Japan restructures FSA’s Crypto and FinTech Policies


Japan overhauls FSA’s Crypto and FinTech policies. Changes were performed in relation to various departments in order to make the organization better suited to address the new issues and challenges within the financial sector.

18 July, AtoZ Markets Japan has made changes to the way its financial regulator, the Financial Services Agency (FSA) operates. Thanks to the overhaul of FSA’s ecosystem, now, the regulator is better equipped to deal with fintech-related sectors, this including cryptocurrencies. 

Japan restructures FSA’s Crypto and FinTech Policies

According to local media outlets, changes were performed in relation to various departments in order to make the organization better suited to address the new issues and challenges within the financial sector.

The newly created Strategy Development and Management Bureau has replaced the Inspection Bureau. The department will reportedly work on the development of the financial strategy policy and manage issues that are related to the digital currencies market, money laundering and Fintech. In addition, the bureau will be responsible for administrative duties and oversight of financial institutions. 

The Policy and Markets Bureau will replace the Planning and Coordination Bureau. It will be tasked with the developing of a legal framework that addresses the rapid growth of the fintech sector. The Supervision Bureau has remained in place.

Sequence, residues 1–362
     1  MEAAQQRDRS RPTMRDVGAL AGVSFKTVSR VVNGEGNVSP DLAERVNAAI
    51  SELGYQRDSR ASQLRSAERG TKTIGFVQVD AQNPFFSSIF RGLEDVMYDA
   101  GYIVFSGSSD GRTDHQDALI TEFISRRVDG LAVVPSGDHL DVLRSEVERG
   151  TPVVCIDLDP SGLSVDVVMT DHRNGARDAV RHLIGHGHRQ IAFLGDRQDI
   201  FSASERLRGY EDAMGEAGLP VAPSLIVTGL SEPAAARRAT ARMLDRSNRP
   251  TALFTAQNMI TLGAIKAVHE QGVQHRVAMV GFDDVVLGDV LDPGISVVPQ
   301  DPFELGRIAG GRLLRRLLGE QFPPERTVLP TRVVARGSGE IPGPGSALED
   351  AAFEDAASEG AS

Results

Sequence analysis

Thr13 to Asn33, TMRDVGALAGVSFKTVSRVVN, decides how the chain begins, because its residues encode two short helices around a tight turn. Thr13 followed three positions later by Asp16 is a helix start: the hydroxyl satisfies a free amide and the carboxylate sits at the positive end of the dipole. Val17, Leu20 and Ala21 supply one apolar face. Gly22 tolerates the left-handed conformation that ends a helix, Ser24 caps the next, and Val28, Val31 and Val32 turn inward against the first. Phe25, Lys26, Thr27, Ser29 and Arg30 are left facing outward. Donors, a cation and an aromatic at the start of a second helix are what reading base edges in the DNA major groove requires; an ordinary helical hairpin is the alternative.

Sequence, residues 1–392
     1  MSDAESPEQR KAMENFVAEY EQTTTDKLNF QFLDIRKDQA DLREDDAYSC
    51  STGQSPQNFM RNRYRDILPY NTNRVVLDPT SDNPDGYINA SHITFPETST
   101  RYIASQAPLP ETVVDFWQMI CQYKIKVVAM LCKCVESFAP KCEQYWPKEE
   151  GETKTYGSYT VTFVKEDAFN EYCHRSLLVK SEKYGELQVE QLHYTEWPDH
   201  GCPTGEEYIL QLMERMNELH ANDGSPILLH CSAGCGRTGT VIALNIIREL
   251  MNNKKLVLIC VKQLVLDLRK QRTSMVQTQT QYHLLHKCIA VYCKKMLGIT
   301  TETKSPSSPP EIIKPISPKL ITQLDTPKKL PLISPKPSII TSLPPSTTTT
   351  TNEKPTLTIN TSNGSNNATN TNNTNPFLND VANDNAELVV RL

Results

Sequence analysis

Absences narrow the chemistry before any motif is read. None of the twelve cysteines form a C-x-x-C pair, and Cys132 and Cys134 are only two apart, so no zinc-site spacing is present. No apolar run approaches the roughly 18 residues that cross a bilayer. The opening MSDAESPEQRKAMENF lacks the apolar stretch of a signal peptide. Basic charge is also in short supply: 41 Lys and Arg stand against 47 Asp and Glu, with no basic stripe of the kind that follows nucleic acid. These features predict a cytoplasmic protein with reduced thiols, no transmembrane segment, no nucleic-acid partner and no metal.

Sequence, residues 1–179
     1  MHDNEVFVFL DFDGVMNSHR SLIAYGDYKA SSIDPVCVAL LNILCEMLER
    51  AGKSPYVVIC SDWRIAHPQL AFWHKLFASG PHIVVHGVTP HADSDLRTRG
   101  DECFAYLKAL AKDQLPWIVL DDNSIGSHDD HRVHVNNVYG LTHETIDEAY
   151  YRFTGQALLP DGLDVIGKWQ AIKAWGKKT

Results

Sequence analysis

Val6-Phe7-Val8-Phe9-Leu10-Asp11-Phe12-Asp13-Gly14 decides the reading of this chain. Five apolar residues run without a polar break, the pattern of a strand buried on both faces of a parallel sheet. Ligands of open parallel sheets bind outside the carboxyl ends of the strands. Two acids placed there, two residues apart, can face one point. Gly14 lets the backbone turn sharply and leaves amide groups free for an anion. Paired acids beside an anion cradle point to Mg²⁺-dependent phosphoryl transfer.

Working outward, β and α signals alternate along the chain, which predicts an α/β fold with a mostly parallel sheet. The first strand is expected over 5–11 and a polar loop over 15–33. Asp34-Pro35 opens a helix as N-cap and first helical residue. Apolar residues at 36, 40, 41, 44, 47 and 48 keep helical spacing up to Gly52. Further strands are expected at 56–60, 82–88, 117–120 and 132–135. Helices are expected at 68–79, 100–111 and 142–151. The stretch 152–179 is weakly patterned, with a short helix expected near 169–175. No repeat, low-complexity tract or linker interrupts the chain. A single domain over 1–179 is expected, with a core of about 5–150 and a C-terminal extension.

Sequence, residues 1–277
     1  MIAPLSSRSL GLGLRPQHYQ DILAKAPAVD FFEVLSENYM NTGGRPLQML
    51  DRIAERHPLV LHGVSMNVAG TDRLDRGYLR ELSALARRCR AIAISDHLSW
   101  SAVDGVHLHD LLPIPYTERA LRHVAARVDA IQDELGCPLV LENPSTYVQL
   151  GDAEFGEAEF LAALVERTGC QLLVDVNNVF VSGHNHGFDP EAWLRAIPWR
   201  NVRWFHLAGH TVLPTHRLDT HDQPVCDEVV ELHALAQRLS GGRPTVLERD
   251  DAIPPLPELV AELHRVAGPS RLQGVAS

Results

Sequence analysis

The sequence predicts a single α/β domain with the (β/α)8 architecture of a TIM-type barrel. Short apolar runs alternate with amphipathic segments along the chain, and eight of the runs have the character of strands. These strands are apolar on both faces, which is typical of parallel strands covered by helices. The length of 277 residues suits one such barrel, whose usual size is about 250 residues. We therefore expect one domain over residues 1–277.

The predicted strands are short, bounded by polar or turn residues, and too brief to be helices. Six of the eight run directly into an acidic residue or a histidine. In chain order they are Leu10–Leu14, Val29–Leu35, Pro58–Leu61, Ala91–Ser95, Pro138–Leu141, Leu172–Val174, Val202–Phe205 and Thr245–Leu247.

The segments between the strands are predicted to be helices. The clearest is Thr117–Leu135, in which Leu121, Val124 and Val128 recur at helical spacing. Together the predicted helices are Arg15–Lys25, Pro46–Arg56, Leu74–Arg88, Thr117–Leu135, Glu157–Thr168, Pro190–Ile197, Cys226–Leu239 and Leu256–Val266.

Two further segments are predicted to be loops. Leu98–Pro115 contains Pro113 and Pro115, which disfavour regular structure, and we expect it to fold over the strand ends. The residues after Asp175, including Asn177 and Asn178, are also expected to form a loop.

FSA ‘s Active Role in Cryptocurrency Oversight

The FSA has commenced a number of enforcement actions against several crypto exchanges so far in 2018. Back in March, the agency has sent out “punishment notices” to as much as seven cryptocurrency exchanges. It has also temporarily suspended the activities of five registered exchanges based on the allegations that they lacked proper internal management systems. 

Earlier this month, the FSA has announced that it was looking into amending the legal framework for the Financial Instruments and Exchange Act (FIEA). This implies that exchanges will feature stronger customer protection systems in the future. The FIEA requires securities companies to manage customer funds and securities separately from corporate assets. 

In June, the Minister of Finance Senator Fujimaki has asked the Deputy Prime Minister Taro Aso about the crypto transaction taxation. He has asked whether these transactions should be taxed through a “separate settlement taxation,” instead of their current classification as “miscellaneous income.” 

Mr. Aso has stated that the prospect was “doubtful” referring to the concern over the community’s reaction to the “tax fairness.”

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